Ross Douthat writes a thoughtful piece at the NYT Blog on how to understand and engage with Muslim critics of radical Islamism. He rejects those Western thinkers who limit the category of “moderate Muslims” to those, like Ayaan Hirsi Ali or Irshad Manji, who endorse Western liberalism absolutely and without qualification. He writes:
This school of thought strikes me as misguided. Manji and Hirsi Ali are brave and admirable, but what they’re offering (Hirsi Ali especially) is ultimately a straightforward critique of Muslim traditions and belief, not a bridge between Islam and the liberal West that devout Muslims can cross with their religious faith intact. If such bridges are going to be built, much of the work will necessari
ly be done by figures who sometimes seem ambiguous and even two-faced, who have illiberal conversation partners and influences, and whose ideas are tailored to audiences in Cairo or Beirut or Baghdad as well as audiences in Europe and America. That’s how change — religious, ideological, whatever — nearly always works.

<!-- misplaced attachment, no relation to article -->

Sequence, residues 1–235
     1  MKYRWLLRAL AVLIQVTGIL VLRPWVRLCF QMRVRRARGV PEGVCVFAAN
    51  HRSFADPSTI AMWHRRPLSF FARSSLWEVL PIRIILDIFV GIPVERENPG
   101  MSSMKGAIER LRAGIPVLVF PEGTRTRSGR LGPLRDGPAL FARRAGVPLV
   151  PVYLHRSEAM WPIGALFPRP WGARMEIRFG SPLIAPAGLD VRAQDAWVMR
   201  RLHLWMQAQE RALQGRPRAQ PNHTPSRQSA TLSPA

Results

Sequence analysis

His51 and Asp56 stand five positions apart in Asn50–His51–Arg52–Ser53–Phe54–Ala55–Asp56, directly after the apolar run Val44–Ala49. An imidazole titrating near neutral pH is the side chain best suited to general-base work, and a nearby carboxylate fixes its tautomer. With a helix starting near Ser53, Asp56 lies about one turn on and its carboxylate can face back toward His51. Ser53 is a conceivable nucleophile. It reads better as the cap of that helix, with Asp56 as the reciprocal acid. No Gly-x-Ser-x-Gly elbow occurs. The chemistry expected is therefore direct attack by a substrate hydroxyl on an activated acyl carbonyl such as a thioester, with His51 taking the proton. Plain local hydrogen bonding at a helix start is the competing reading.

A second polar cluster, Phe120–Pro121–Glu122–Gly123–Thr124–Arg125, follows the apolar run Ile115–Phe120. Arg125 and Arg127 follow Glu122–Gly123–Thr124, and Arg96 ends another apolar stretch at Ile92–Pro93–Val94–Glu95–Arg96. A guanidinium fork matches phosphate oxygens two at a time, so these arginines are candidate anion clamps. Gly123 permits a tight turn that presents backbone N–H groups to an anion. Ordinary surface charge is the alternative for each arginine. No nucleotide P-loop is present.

On the other side, Douthat is clear that making “these kind of distinctions doesn’t require us to suspend all judgment where would-be Islamic moderates are concerned” and that ” forays into more dubious territory should be greeted with swift pushback, rather than simply being accepted as a necessary part of the moderate Muslim package.”
The debate over the Muslim mosque and community center near Ground Zero has resulted in a number of different, passionate reactions. Once the media took up the subject, politicians and leaders from all over the US weighed in rather quickly.
On Friday, even President Obama shared his view in favor of the mosque, stating “This is America, and our commitment to religious freedom must be unshakable. The principle that people of all faiths are welcome in this country, and will not be treated differently by their government, is essential to who we are.”